Electrophysiology Studies (EPS) is a cardiac test to evaluate the electrical activity of the heart and diagnose abnormal heart rhythms. The Harley Street Heart and Vascular Centre Singapore's state-of-the-art facility employs advanced technologies to provide comprehensive assessments and personalised treatment plans to our patients.
Electrophysiology studies (EPS) or electrophysiological studies (EP) are minimally invasive procedures in which thin, flexible wires (called EP catheters) are inserted from blood vessels in the leg into the heart. As with a coronary angiogram, a small part of the skin is first frozen with a local anaesthetic before the catheters are passed into the body through plastic sheaths.
Electrical stimulation of the heart through carefully placed catheters usually allows an exact diagnosis of arrhythmia. Suppose specific treatment is required to treat the arrhythmia. In that case, high-frequency electrical energy can be delivered through one of the catheters during ablation to a small area of tissue inside the heart to destroy the part that is causing the arrhythmia.
The heart's electrical activity plays a crucial role in regulating the rhythm of the heartbeat. Certain conditions or abnormalities in the conduction system can lead to irregular heart rhythms, affecting an individual's overall cardiac health.
EPS helps diagnose abnormal heart rhythms by precisely mapping and assessing the electrical activity of the heart to identify the origin and nature of arrhythmias. EPS assists in identifying the specific areas within the heart that may be causing abnormal heart rhythms, helping cardiologists devise targeted treatment plans for the patients.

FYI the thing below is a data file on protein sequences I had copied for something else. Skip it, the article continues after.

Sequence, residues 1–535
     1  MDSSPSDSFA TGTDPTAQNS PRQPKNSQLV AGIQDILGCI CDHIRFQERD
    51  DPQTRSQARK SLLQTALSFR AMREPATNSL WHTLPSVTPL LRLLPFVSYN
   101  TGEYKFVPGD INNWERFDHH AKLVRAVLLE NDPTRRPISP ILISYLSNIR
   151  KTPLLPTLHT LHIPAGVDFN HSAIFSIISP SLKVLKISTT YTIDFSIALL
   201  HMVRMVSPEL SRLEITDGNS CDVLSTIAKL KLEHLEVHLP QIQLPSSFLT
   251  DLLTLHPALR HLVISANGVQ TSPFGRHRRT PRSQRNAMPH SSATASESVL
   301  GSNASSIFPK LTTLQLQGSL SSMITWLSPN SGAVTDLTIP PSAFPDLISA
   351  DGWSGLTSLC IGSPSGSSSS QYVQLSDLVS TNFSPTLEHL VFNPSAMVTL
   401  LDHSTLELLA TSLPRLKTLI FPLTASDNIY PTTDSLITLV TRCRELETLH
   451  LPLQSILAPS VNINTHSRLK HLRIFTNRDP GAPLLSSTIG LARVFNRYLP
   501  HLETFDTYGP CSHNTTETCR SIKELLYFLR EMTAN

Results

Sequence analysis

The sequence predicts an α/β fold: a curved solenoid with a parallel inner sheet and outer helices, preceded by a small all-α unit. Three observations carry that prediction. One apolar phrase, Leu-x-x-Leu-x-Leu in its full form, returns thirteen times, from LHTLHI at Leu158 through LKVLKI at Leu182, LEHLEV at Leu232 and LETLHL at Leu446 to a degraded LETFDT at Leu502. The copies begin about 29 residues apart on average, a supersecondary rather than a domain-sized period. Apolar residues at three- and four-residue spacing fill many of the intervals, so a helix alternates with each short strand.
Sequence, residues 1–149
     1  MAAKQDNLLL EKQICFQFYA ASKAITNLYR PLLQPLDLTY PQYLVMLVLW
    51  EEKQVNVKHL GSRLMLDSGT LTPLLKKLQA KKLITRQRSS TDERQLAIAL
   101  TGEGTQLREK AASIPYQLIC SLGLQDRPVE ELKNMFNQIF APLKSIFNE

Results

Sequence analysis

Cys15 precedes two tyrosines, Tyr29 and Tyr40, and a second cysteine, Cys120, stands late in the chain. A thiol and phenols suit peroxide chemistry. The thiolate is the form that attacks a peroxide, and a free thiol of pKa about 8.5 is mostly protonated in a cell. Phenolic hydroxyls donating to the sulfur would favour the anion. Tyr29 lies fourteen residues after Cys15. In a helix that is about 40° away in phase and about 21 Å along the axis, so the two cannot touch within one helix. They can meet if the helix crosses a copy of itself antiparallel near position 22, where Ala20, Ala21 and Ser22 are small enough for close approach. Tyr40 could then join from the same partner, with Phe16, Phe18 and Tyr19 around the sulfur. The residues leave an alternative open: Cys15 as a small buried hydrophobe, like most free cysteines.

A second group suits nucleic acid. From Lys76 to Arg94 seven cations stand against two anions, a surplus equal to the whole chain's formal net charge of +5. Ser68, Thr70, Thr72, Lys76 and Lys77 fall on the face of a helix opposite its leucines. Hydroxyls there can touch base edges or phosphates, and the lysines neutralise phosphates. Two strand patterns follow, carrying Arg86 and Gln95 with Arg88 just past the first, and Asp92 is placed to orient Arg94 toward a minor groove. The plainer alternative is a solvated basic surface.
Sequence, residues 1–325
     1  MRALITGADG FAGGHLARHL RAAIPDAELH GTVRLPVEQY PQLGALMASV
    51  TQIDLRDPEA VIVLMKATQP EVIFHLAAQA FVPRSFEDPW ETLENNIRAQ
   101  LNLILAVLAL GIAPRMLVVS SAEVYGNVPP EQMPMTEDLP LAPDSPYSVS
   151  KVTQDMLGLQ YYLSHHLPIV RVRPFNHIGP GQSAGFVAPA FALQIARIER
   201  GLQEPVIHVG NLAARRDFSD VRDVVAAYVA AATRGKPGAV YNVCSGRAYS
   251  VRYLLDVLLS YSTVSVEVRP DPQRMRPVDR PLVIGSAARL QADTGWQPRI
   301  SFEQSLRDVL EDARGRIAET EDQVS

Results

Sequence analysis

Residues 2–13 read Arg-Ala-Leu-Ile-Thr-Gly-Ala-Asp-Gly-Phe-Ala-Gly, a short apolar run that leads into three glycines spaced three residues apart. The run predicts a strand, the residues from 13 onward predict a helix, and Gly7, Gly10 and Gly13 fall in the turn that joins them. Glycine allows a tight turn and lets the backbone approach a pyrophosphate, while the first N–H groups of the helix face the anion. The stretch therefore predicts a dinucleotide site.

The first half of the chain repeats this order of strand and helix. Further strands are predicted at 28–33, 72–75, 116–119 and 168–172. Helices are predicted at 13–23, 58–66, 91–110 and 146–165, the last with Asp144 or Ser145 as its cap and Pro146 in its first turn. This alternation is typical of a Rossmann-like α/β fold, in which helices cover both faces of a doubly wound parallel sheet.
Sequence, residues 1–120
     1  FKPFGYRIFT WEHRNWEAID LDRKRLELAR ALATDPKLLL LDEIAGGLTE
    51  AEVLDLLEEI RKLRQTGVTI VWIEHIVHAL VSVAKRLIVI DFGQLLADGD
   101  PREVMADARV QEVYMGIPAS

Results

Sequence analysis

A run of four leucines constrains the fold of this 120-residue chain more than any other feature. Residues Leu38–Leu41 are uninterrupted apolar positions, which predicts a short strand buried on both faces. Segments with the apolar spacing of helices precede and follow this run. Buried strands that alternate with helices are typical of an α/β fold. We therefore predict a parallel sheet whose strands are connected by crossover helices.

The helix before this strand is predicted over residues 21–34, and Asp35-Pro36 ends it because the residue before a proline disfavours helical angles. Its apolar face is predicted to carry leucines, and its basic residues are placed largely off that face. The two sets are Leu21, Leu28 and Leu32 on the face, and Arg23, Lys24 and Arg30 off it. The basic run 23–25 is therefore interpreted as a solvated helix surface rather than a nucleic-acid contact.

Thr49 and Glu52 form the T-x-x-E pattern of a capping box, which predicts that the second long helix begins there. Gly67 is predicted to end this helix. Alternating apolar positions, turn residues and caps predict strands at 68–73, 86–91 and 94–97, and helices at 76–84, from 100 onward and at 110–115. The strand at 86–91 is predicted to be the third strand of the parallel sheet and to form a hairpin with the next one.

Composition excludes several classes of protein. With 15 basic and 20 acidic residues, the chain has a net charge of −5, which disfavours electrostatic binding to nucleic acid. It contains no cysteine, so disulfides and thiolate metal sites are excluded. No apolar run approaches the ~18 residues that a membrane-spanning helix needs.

Before an EPS, patients are provided with detailed instructions on the preparation process. Normally, aside from having to wear comfortable clothes, the patient needs to fast for at least 6 hours before the procedure. EPS is also often performed using light sedation. Medication adjustments are also sometimes required for a smooth and effective study. The procedure takes one to two hours to do. However, it can take longer, around 4 to 6 hours, if catheter ablation is required. After the study is complete, your healthcare provider will end the procedure.
Identifying common risk factors for arrhythmias is crucial in assessing an individual's cardiac health. Factors such as family history, age, lifestyle, and underlying cardiac conditions play a significant role in predisposing individuals to abnormal heart rhythms.
Individuals need to be aware of symptoms such as palpitations, dizziness, or shortness of breath, which may indicate the presence of an abnormal heart rhythm and necessitate prompt medical attention.
Frequent monitoring of heart rhythm, especially for individuals with known risk factors, is essential for early detection and management of arrhythmias, reducing the risk of sudden cardiac events.
Catheter Ablation is a minimally invasive procedure that involves the use of catheters to target and eliminate the areas in the heart responsible for abnormal heart rhythms. By delivering controlled energy, such as radiofrequency, the abnormal electrical pathways are disrupted, restoring the heart's normal rhythm. The procedure takes a short time, and after that, the doctors will remove the catheters.